Bloomberg View Launches With Warning To Democrats: Don’t Underestimate The Republicans In 2012
Bloomberg View, the just-launched opinion page of Bloomberg News, debuts with a column by Ramesh Ponnuru, arguing that it’s a mistake to underestimate the Republican field for 2012: “The 2012 presidential race has barely begun, but it is already time to retire one of its cliches: the much-repeated claim that ‘the Republican field is weak.’ Liberals say it with a smirk, because they think it will guarantee President Barack Obama’s re-election. Conservatives say it while begging someone else to enter the race and rescue them.”
Ponnuru, a senior editor at National Review, argues that the top three contenders all have the stature and the experience to win:
The Republican field isn’t weak. The three people most likely to win the Republican nomination — Mitt Romney, Tim Pawlenty and Jon Huntsman, according to Intrade.com — have all been governors. Two of them were governors of states that Obama carried in 2008. By contrast, the top three candidates for the Democratic nomination last time around (Obama, Hillary Clinton and John Edwards) had a combined zero days of executive experience. This time, even some long-shot Republican candidates have stronger resumes than that: Libertarian gadfly Gary Johnson, for example, was a two-term governor of New Mexico.
Ponnuru says the “weak” charge comes from a kind of psychological issue among the out-of-power party, forced to field a candidate to go up against the President of the United States (with all the trappings of power) and who dream of a finding a “perfect candidate”:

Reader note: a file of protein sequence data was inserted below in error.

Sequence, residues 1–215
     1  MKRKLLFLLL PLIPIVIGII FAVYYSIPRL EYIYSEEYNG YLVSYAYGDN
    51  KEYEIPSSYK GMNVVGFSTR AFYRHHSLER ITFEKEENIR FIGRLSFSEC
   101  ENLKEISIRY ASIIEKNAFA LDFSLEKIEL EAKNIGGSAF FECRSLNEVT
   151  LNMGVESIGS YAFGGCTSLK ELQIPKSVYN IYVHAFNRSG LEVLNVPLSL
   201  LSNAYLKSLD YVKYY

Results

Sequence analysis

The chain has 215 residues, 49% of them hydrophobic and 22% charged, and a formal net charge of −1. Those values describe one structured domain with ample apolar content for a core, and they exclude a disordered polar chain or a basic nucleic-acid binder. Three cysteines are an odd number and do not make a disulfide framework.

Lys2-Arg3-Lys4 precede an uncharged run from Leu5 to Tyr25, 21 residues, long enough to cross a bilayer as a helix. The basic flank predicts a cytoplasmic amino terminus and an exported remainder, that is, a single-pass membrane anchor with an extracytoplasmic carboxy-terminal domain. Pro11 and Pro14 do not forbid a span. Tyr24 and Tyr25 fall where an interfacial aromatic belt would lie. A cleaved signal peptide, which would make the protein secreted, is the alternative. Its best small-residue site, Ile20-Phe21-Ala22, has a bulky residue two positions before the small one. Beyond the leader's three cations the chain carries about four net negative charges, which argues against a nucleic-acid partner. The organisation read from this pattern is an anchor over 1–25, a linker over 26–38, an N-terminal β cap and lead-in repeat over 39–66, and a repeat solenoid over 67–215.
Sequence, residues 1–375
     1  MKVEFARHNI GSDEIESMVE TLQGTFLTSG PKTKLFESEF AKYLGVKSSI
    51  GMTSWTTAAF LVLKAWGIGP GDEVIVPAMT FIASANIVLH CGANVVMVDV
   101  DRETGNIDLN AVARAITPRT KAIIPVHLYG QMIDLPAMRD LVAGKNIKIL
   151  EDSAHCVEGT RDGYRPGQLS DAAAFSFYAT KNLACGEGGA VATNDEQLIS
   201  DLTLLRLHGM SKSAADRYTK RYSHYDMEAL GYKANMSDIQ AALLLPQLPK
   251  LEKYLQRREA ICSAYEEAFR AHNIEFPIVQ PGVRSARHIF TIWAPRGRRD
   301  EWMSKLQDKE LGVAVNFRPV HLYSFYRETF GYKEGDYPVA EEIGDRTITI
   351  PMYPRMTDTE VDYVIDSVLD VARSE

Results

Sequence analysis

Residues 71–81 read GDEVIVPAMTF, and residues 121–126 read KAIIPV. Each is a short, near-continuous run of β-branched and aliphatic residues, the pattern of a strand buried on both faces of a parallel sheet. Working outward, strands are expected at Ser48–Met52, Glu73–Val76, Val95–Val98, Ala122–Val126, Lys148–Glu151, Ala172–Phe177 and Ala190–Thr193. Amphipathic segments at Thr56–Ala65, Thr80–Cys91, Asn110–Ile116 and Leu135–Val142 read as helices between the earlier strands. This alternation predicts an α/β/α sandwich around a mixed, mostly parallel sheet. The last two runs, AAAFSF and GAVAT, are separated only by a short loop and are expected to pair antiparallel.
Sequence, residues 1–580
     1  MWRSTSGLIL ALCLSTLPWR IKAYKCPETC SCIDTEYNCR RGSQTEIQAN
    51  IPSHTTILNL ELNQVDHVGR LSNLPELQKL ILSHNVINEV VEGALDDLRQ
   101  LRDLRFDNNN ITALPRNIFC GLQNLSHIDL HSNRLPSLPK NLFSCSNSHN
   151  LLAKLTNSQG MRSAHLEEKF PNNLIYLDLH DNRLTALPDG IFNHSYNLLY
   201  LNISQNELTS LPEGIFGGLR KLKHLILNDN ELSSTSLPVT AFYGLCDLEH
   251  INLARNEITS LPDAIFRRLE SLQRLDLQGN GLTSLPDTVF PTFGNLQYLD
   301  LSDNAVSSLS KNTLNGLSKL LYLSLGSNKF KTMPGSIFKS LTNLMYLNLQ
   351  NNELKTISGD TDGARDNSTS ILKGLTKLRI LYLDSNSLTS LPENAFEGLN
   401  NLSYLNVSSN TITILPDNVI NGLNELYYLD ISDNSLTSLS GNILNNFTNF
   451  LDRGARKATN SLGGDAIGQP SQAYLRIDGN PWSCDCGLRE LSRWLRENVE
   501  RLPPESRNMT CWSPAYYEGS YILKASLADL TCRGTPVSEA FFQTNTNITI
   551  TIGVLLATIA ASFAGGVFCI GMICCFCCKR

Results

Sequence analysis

Dissatisfaction with the Republican candidates is also a matter of psychology. Republicans may not like, and some of them may not even respect, the incumbent president. They nonetheless see him sitting in the Oval Office and commanding troops. They see their own candidates, by contrast, sharing a stage with a bunch of other people, some of them fringe figures. They seem small. They will keep seeming small until some of them start winning primaries and one of them wins the nomination.
Offstage, Republicans imagine, is the perfect candidate. He has to be offstage because nobody onstage is perfect. He also has to be offstage because not running is part of his perfection. If he ran, he would be another guy competing for microphone time at the debates. The other candidates would suddenly have an incentive to draw attention to his flaws.
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